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DefinitionEdit

There is no agreed-upon definition for "Appeal To Pity." Some define it as seeking clemency for breaches of duty on the grounds of "extenuating circumstances," (as when a driver claims forgiveness for violating the laws against speeding because his speed was motivated by some emergency). In practice, people seem to make a charge of "appeal to pity" when arguers recommend a certain course of action, C, solely on the basis that for reasons not inherent to C, it will relieve or avert suffering for someone or some group of people. The patterns for these two are:

Pattern:

Person A may be wrong to do X, but enforcing the consequences of X on A would cause A harm.
Therefore A is not wrong to do X.
Course of action C will have the secondary effect of relieving or averting suffering.
Therefore C is right.

ExampleEdit

This ad against prop. 8, "Mama Julie's daughter" commits the fallacy of appeal to pity.

image from clip

This ad features the daughter of a lesbian couple. The girl says that being the child of a gay couple hasn't affected her negatively in any waym, that she loves having two mothers. She explains that her non-biological mother, "Mama Julie," couldn't legally have custody over her. We learn that Mama Julie was diagnosed with cancer and that the girl and her biological mother took care of her. Because neither the girl nor her biological mother are legally related to Julie, they were banned from her bedside in the hospital when she died. Julie's sister, her legal next of kin, won't allow them to see Julie because, as she puts it, their family is a "sin." After telling this sad story the girl begins to cry desperately, hugging her teddy bear. She cries for a solid 30 seconds while the camera still rolls. The video then asks you to think about who you're hurting when you vote no on Prop 8. This ad uses a very sad story and depressing imagery to appeal to pity.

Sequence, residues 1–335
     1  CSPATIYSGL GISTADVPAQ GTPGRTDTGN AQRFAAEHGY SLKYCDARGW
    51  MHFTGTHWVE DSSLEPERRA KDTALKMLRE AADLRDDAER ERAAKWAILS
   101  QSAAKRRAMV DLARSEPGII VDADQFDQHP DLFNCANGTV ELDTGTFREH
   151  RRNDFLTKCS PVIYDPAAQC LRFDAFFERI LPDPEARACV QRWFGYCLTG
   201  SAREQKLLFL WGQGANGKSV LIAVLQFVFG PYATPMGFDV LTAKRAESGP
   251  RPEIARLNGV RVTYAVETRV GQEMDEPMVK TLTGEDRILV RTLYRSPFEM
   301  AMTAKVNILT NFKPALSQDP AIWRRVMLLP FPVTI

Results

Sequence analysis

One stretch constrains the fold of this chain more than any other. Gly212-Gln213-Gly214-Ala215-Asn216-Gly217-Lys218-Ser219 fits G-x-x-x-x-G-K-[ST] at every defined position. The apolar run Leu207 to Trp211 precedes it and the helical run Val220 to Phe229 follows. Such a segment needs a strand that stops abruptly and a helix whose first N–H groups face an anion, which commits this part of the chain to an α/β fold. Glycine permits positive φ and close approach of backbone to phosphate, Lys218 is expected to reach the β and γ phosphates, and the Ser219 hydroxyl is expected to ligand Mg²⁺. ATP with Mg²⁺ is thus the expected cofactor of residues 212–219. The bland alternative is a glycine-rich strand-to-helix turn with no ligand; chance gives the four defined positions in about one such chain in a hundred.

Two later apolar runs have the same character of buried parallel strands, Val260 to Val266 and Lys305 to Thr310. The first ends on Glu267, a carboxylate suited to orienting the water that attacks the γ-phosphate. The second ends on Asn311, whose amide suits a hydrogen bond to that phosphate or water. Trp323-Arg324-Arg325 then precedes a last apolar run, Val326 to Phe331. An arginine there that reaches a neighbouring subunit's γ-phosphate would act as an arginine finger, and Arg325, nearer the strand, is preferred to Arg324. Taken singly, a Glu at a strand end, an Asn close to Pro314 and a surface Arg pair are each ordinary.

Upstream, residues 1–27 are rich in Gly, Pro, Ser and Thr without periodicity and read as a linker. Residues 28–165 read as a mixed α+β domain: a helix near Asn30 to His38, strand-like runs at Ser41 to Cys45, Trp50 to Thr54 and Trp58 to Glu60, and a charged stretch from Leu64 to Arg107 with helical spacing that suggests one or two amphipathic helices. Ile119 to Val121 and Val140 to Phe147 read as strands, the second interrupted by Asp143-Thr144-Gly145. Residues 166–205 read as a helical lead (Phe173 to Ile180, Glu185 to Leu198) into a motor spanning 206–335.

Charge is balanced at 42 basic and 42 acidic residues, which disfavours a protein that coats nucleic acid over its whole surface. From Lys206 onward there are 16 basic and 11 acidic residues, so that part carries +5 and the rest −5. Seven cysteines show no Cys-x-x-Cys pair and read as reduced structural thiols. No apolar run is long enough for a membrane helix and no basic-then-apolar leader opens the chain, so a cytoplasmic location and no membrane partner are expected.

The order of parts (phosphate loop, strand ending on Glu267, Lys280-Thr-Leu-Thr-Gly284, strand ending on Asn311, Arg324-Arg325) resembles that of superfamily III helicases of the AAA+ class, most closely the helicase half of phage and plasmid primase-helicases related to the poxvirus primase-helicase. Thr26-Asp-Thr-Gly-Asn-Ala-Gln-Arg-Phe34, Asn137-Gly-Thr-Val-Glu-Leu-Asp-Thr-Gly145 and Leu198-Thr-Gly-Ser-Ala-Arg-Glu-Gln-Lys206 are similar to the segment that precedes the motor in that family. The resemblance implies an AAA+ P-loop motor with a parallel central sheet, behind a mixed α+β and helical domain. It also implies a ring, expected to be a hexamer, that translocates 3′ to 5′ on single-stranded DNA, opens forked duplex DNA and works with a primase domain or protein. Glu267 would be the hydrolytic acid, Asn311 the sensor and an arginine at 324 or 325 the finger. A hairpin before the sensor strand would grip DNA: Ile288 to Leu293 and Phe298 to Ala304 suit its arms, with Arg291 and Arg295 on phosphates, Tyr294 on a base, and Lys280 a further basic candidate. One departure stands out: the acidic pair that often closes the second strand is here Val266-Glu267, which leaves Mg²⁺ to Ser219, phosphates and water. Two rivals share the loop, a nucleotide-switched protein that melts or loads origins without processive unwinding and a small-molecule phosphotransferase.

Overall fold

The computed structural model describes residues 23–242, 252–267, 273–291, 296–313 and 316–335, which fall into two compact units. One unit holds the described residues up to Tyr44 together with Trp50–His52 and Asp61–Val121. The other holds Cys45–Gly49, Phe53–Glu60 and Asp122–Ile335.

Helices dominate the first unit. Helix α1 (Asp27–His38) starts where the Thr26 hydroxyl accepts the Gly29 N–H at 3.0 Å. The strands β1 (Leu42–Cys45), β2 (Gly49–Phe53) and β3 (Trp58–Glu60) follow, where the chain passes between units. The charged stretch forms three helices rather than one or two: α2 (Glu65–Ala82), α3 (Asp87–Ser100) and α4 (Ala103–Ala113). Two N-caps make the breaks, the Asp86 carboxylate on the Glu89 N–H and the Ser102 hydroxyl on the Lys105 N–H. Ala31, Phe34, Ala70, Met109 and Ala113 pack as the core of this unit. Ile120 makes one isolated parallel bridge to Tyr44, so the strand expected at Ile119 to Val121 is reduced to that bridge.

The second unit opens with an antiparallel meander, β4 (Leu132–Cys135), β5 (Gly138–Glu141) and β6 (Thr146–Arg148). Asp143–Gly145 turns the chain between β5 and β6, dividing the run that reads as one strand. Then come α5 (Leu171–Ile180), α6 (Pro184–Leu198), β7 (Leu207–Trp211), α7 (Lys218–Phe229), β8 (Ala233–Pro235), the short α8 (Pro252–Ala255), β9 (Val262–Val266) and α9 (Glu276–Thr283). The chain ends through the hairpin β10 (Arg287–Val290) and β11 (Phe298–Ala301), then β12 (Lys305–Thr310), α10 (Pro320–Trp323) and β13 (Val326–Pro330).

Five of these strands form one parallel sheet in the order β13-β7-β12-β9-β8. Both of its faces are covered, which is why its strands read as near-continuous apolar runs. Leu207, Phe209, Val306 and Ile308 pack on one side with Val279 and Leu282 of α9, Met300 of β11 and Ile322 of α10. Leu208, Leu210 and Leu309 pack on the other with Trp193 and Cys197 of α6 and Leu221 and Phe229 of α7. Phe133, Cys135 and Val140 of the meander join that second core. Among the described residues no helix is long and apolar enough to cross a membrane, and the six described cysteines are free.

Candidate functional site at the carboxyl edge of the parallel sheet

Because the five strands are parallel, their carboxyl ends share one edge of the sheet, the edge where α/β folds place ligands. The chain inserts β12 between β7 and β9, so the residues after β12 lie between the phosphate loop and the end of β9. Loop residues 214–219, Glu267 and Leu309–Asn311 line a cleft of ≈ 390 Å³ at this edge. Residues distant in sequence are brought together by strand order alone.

Other examplesEdit

This ad, "This Will Change Your Life" by AnimalAid.org commits the fallacy of appeal to pity.

Peta1

The narrator appeals to the audience by evoking emotional pity, instead of using reason. This ad begins with short video clips of adorable, playful animals -- rabbits, monkeys, dogs . . . . The question appears on the screen, "If you knew the truth, would it make a difference?" The ad then shows another series of clips of animals, but this time in unsettling situations. The dogs, monkeys, bunnies and other animals are shown in cages; they are tortured by humans. Another flash of text announces, "It would to them." After a few more disturbing clips the the advertisement ends with the contact information of AnimalAid and the words: "Make A Difference" in bold underneath. All the while dramatic music plays in the background, emphasizing the gravity of the situation. The effect is to evoke a sense of pity in the audience. Guilt plays a major role in this advertisement along with pity, the two go hand in hand in commiting the fallacy of Ad Misericordium (Appeal to Pity)


This ad against prop. 8, "Protect THESE children," also commits the fallacy of appeal to pity.


Protect.these.children

This ad speaks to people who are undecided about how to vote on proposition 8. It claims that over 52,000 children being raised by gay or lesbian parents across California. The ad features still shots of adorable children. In the background we hear children in a playground. The narrator implores, "Think about THESE children, when you step in the voting booth." If you are voting yes on prop 8, you might as well have slapped these children across their innocent faces. A "yes" vote will show these children "loud and clear" that YOU think their family is "less than equal, less than worthy, less than yours." They claim your yes vote will deny these children of their "stability, dignity and a multitude of legal protections."...? I had no clue that all of these 5 year old's dignity were on the line here. At this point the video gets out of hand, when there is actually a shot of a baby, holding another even younger even more adorable baby feeding it's bottle, the ultimate appeal to pity. They close with this statement; "If you REALLY care about protecting children, then vote no.." to allow gay and lesbian couples to marry in California. (Committing another fallacy,Red Herring) the dramatic music and ambiance of children playing in the distance cuts, and the sound of a loud powerful drum kicks as they show a collage of ALL of the poor children at once. forcing you to believe that these children will be seriously negatively effected by your vote, therefore gay marriage should be legal.

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